Cytomegalovirus Awareness Month resolution unanimously adopted in House

PHILADELPHIA, June 8 – A resolution (H.R. 372) sponsored by state Rep. Angel Cruz, D-Phila., designating June 2017 as Cytomegalovirus Awareness Month in Pennsylvania was unanimously adopted by the House of Representatives.

The state recognition coincides with National Cytomegalovirus Awareness Month.

CMV is a common virus that infects people of all ages and remains with a person for life. Over half of all adults living with CMV are infected by age 40. Most people show no signs of CMV, and if they do, symptoms are often mild.

However, CMV can cause serious health problems to those with weakened immune systems, as well as babies infected with the virus before they are born. Pregnant women can contract CMV and the virus can be passed down to the baby. CMV is the most common congenital infection in the United States with one in every 150 babies being born with congenital CMV each year. More than 5,000 of these babies will develop permanent problems such as hearing loss, vision loss or developmental disabilities. An estimated 400 babies die each year from the infection. CMV causes more long-term health problems than Down syndrome, fetal alcohol syndrome and spina bifida.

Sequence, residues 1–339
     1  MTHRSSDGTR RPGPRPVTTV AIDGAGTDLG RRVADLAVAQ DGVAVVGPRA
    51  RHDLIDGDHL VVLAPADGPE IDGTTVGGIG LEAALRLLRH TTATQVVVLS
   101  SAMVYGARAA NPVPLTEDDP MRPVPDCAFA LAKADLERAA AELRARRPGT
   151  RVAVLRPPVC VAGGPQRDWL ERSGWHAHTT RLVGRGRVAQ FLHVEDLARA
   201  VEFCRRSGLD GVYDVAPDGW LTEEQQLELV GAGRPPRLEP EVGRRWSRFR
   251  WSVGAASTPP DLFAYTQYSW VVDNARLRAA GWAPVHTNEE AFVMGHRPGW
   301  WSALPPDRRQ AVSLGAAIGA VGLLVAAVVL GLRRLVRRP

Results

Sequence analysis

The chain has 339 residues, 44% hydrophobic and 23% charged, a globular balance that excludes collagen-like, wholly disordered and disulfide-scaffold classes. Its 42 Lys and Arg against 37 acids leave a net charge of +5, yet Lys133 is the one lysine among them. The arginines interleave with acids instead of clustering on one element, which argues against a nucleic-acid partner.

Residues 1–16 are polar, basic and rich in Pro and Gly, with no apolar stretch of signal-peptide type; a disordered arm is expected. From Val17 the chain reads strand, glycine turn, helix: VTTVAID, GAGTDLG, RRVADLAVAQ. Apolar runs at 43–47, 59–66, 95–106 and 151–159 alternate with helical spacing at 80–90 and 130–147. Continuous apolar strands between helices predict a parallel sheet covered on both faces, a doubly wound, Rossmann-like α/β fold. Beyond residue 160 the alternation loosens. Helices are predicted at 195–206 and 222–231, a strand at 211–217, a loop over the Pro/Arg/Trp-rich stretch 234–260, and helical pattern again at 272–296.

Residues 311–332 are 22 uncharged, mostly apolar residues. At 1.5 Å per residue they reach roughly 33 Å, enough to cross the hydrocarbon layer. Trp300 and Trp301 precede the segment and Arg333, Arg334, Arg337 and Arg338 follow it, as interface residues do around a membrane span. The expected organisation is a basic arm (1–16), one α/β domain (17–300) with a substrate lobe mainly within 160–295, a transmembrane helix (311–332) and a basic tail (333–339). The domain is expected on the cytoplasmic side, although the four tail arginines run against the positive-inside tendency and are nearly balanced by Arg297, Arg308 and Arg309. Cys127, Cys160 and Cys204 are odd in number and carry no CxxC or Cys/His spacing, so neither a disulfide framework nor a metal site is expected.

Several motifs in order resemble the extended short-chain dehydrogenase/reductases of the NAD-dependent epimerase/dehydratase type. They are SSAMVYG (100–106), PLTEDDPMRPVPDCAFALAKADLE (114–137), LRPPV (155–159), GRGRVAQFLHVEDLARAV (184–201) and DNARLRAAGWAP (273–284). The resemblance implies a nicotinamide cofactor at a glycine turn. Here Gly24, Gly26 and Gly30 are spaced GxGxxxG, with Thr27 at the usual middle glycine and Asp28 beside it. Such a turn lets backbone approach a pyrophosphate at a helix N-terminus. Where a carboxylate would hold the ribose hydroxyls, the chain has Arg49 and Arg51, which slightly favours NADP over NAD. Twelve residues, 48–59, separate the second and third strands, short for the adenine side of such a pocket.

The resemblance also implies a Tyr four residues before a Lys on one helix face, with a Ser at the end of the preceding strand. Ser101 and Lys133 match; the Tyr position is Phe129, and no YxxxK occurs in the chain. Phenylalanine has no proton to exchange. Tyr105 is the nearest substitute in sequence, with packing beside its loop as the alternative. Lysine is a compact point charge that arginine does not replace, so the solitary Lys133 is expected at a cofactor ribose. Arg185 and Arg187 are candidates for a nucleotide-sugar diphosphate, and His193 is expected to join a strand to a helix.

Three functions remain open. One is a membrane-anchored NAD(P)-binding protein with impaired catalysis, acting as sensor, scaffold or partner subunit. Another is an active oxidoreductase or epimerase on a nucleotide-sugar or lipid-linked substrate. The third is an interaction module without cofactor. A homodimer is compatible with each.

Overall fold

“This is a serious public health issue and I am glad that my colleagues have unanimously adopted the resolution,” Cruz said. “Countless babies die each year from CMV and designating June 2017 as CMV Awareness Month in Pennsylvania will raise more awareness of the virus. This may encourage people to take more caution to prevent the spread of the virus as well as get tested.”

According to the Centers for Disease Control, regular hand washing, particularly after changing diapers, is a commonly recommended step to decrease the spread of infections, and may reduce exposure to CMV. The CDC has an informational page at www.cdc.gov/cmv/overview.html.

According to the National CMV Foundation, only 9 percent of women have heard of CMV. In addition, only 44 percent of obstetrician-gynecologists counsel women about CMV and prevention measures. Public policy on CMV can provide greater access to resources and funding for awareness and prevention campaigns. In March, Cruz introduced legislation (H.B. 746) that would require the state Department of Health to provide educational information regarding CMV and require testing of CMV in newborns.